50-50 share of EDSA for commuters, motorists sought


MOTORISTS and commuters should have an equal share of Metro Manila’s prime thoroughfare—Epifanio de los Santos Avenue (Edsa), a group of lawyers suggested  on Monday.

Carless People of the Philippines, represented by more than 100 lawyers from all over the country, has sent a letter to the Metropolitan Manila Development Authority (MMDA) demanding that the roads be equally shared—50-50 and lengthwise—by car owners and those who are without vehicles.

The letter entitled, “Notice to Sue to Implement Road Sharing” stipulated that half of the roadways should be devoted to “organized, collective, clean and affordable transportation system.”

MMDA Chairman Francis Tolentino said that among the group’s demands is allotting half of EDSA for pedestrian walkways and bike riders.

Tolentino said that the agency will study the proposal of environmental lawyers adding that they even threatened to sue him.

“Ihahabla nga raw kami kasi ang gusto nila ay hatiin naming ang kalsada [They threatened to sue us because they wanted to divide Edsa equally for motorists and commuters],” he added.

Among the charges the group plan to file against MMDA are violation of Clean Air Act and Executive Order 774 and Administrative Order No. 254.

Although he understands the intention of the group in addressing air pollution along major roads, Tolentino said the only problem is on how the proposal is to be implemented.

“Tama ang pakay pero kung paano ipapatutupad, yun ang problema [The intention is good but as to how it would be implemented, that’s the problem],” he added.

In articulating its demands, the group cited stark facts stating that while only two out of 100 people in the Philippines own cars, they are, however, given almost all of the road space.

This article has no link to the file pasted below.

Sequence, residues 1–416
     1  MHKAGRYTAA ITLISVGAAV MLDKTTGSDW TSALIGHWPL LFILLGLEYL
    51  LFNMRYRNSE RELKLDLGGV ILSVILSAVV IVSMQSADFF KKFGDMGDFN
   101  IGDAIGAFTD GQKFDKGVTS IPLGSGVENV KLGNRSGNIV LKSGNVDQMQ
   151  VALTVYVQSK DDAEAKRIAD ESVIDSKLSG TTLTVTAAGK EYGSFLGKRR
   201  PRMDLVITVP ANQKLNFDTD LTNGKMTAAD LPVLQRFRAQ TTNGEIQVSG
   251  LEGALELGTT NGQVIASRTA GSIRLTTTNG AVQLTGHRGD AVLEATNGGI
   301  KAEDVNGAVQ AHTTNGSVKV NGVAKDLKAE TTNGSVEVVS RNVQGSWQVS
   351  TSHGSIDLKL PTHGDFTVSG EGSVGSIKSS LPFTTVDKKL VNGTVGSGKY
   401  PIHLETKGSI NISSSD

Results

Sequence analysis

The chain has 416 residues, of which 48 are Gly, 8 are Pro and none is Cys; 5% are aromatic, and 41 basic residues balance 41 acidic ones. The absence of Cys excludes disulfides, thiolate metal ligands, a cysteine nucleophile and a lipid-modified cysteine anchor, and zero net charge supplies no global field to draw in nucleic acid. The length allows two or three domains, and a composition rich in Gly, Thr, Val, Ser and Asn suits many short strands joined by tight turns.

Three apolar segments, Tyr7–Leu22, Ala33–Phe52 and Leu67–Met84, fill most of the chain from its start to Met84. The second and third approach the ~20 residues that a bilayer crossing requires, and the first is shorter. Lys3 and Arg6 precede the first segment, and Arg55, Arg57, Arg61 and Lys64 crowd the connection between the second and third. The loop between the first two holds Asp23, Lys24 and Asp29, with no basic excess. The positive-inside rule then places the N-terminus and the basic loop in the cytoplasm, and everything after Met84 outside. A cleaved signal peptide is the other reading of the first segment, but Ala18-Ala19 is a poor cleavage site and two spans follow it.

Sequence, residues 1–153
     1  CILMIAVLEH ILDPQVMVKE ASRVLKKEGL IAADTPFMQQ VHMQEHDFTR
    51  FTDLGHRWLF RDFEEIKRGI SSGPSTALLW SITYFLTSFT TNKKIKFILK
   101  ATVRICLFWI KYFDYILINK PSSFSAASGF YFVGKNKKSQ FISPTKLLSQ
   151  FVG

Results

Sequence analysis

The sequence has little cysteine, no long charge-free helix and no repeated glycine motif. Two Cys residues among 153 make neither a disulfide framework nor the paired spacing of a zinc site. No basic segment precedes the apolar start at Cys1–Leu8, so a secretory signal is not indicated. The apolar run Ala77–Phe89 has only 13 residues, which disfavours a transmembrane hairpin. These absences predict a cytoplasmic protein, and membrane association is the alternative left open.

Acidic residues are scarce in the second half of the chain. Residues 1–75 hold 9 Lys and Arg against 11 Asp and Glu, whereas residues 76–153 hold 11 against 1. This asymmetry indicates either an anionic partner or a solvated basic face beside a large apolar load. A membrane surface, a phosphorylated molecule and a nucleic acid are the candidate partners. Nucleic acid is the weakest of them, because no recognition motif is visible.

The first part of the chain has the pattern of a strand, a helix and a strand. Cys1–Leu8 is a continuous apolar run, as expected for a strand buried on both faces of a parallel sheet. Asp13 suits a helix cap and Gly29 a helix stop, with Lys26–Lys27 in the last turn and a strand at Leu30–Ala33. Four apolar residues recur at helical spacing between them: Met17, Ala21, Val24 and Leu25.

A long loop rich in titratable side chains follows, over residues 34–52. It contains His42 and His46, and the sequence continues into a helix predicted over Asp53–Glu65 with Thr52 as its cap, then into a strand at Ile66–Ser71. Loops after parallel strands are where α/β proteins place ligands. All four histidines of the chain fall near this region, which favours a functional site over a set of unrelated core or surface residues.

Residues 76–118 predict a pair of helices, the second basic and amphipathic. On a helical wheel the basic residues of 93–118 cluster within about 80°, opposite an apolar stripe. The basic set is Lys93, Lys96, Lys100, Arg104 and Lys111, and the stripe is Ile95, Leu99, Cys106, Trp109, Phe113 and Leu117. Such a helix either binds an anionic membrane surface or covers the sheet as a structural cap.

The remaining 98 percent of Filipinos who do not own cars are not even given a proper sidewalk, bicycle lanes, or a good public transportation system, the group added.

The letter also pointed out that there is already a law existing that directs the concerned government agencies to reform the road system to follow a simple principle: “Those who have less in wheels must have more inroads.”

The Notice to Sue also stated that the failure of the government to implement the law, and the resulting damage to the people is tantamount to ‘ecological homicide’.

It added that despite roads already choking on air pollution, the Philippine government has failed to implement the law directing the reformation of the road system to favor non-motorized transportation and public transportation.

“Those who have less in wheels must have more in roads,” it said.

Apart from MMDA, the letter was also sent to officials of the Departments of Transportation and Communications, Public Works and Highways, Environment and Natural Resources, the Interior and Local Governments, the Climate Change Commission headed by the Office of the President.


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